This book, like the others in the series, has an element of fantasy.  Emilia and Alfie magically appear in New Orleans and later are then transported back home.  Other parts of this book, like the La Salle children living on their own while their parents travel with their riverboat gigs seemed unbelievable.  Also, none of the children really questioning the absence of Alfie and Emilia’s “aunt” whom they mention they are staying with but is never seen, is a bit suspect.

Two recipe cards are included at the back of each book.  In New Orleans! recipe cards include Zia Donatella’s Gumbo and Bananas Foster.  My kids and I made both of these recipes.  Knowing that these are Giada De Laurentiis recipes, I knew they were going to be good!

Zia’s Gumbo:  Both kids helped me make this gumbo.  Adult assistance is a must with this recipe, as there is quite a lot of vegetable chopping involved.

The kids helped remove the andouille sausage from the casing.  My daughter cut the celery and pepper (as pictured above) and my son was in charge of stirring the ingredients in the pot. Andouille sausage is a bit spicy and I was surprised at how much heat this dish had.  It was very tasty and the kids ate it, but they did comment on the spice.  I want to point out that this gumbo takes close to an hour to make!  I did not realize this when we decided to make this on a weeknight.  I highly recommend saving these recipes for a weekend activity.

Also important to note, this dish does NOT reheat well, as seen in the first picture.  When reheated, this gumbo remains thick and chunky.  When we first made it, as seen in the picture above, it was nice and liquidy.

Zia’s Bananas Foster: A traditional Bananas Foster has dark rum and banana liqueur that gets ignited.  I think part of the enjoyment of this dessert is the table side flambe.  Obviously, Zia’s Bananas Foster is kid-friendly and alcohol-free!  Due to time constraints, I ended up making this dessert on my own for the kids.  This recipe was much easier to make in terms of ingredients and time.  As seen in the picture, I mistakenly bought mini kisses, thinking they were tiny.  They were indeed smaller than a typical Hershey’s Kiss, but a little larger than I had wanted for this dessert.  The family loved this Bananas Foster.  The kids often have ice cream for dessert, but this was an extra special treat!

Overall, New Orleans! is a fun book that introduces readers to both the food and sights of the city.  The recipe cards add a nice touch and are a great way to get kids cooking in the kitchen.  It’s also a great way to motivate them to try new foods.  I recommend this book as well as the others in the Recipe for Adventure series!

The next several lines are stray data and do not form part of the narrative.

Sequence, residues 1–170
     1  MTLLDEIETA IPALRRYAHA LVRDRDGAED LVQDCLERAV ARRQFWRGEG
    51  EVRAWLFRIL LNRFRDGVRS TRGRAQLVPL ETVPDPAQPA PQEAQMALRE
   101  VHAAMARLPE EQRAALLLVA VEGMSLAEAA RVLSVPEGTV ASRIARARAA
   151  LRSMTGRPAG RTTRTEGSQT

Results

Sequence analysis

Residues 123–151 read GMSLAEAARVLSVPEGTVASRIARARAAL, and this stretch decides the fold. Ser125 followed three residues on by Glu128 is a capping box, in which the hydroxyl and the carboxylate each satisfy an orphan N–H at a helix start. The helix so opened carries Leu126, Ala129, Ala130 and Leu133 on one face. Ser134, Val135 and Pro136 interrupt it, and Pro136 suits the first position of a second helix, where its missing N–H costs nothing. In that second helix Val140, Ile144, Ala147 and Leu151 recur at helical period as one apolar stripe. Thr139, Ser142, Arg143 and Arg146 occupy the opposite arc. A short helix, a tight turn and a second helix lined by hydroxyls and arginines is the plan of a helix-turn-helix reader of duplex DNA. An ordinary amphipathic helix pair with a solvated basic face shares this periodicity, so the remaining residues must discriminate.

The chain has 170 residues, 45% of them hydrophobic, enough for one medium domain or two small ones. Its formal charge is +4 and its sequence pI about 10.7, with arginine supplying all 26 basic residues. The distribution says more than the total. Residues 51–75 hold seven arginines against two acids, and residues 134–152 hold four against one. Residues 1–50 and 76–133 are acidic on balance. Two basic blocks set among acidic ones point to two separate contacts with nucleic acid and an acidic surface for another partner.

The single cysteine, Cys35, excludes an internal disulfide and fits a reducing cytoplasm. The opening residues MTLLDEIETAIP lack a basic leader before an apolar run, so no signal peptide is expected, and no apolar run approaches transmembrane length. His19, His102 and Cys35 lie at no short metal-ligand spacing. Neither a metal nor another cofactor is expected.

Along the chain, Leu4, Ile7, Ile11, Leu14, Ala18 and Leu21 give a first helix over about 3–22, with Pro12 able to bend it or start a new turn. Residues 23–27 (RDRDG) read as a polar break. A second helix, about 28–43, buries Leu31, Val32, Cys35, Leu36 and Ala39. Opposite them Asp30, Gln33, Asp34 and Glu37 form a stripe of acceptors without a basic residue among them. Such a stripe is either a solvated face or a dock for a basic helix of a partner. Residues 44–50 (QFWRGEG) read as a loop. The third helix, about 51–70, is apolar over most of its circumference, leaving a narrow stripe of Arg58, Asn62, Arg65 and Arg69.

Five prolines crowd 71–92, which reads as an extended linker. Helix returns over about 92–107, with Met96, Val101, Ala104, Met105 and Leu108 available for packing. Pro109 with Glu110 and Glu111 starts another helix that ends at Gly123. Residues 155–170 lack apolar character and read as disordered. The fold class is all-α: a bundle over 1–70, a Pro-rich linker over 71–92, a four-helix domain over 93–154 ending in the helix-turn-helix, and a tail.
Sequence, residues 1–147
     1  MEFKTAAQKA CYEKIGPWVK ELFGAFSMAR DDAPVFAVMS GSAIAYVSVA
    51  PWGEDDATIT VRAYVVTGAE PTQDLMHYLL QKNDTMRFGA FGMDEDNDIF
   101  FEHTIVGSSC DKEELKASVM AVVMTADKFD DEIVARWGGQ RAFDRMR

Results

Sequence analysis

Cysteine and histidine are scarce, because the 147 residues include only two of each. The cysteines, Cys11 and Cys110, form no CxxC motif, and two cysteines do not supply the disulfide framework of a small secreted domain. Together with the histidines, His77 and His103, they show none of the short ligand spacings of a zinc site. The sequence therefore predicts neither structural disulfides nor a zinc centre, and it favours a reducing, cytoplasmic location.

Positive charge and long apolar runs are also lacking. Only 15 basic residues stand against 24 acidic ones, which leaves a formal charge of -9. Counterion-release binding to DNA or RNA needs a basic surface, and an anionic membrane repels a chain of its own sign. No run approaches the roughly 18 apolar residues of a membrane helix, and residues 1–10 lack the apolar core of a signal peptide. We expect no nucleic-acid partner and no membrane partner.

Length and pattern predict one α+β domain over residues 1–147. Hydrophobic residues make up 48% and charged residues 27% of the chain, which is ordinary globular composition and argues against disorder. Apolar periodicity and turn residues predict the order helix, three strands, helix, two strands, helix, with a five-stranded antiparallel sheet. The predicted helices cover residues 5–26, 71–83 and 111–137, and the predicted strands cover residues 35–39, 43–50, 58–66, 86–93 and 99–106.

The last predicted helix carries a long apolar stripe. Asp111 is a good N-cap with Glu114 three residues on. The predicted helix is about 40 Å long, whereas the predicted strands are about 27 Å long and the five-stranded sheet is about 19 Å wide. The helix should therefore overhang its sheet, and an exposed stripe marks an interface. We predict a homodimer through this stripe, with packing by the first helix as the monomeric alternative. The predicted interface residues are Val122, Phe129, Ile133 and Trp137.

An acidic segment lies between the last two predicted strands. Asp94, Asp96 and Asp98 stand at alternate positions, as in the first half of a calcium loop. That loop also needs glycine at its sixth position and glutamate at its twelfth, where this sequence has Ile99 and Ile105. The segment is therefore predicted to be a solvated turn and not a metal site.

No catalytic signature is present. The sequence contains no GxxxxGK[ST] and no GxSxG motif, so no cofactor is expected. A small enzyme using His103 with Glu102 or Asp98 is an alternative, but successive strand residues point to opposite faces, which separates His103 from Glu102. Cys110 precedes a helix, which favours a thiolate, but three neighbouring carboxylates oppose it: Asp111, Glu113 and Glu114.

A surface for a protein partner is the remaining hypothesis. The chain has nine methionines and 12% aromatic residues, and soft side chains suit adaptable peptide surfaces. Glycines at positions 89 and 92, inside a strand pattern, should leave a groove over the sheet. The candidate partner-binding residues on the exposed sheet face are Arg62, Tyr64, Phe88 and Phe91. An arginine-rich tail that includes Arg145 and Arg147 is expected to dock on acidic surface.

Sultan’s Turkish Cuisine {Review}

While traveling from Westchester County, New York to my parent’s house in Rhode Island, we pass Sultan’s Turkish Cuisine as we travel through Waterbury, Connecticut.  Located at 586 Plank Road, the restaurant is visible and located, right off I-84. We’ve driven by this restaurant countless times and finally, on a recent trip back from Rhode Island decided to stop for a late lunch.

The restaurant was empty when we arrived around 1:45 PM on a Monday afternoon. However, as our lunch progressed, the restaurant started to fill up.

The dining area is large with both tables and booths.  The interior walls are hung with decorative artwork, while elaborate drapery hang from the windows.

Turkey is a transcontinental country with parts in both Western Asia and Southeast Europe. The cuisine is influenced by its location, with key ingredients include lamb, beef, rice, fish, eggplant and nuts.  Spices often used include parsley, mint, sumac, cumin, Za’atar and paprika.

My husband and I were slightly familiar with Turkish food, as we recently had a Turkish-themed supper club dinner. However, this was our family’s first time dining at a Turkish restaurant.  To get the most variety and be able to try different dishes, we opted to share a small mixed cold appetizer platter and a small mixed hot appetizer platter.

The small mixed cold appetizer platter ($13.99) included (from top left (11 o’clock) on the plate) Humus, Bababganush, Haydari, Havuc Tarator, Antep Ezpe and Soslu Patlican. I was expecting lavash bread (a puffy bread often served with appetizers) or some other type of pita to put these spreads and dips on but we weren’t given any.  Instead, we used the crusty bread that was placed on our table when we arrived.

Humus – pureed chickpeas with olive oil, tahini, garlic and lemon juice.  We are not new to humus.  Although I usually buy it, rather than make it, it’s usually a staple in our fridge.

Babaganush – pureed roasted eggplant blended with tahini, olive oil, lemon juice and garlic.  I love babaganush!

Haydari (Labne) – pressed yogurt mixed with garlic, olive oil, dill and crushed walnuts.

Havuc Tarator (Carrot Dip) – Carrots, mayo, sour cream, olive oil and lemon juice.

Antep Ezpe (Muammara) – A blend of tomatoes, red bell peppers, hot long green peppers, parsley, garlic, walnuts and pepper paste.  This spread was a bit spicy.

Soslu Patlican (Sauced Eggplant) – A mixture of fried eggplant cubes, red and green peppers and garlic topped with the chef’s special tomato sauce. This was one of my favorites of the cold appetizers!

The small mixed hot appetizer platter ($12.99) included (from top 12 o’clock) Calamari, Mucver, Sigara Borek,  Arnavut Cigeri and Falafel.

Calamari – Deep fried calamari served with the chef’s special sauce.

Mucver (Zucchini Pancake) – Combination of zucchini and fresh herbs and spices, served with yogurt sauce.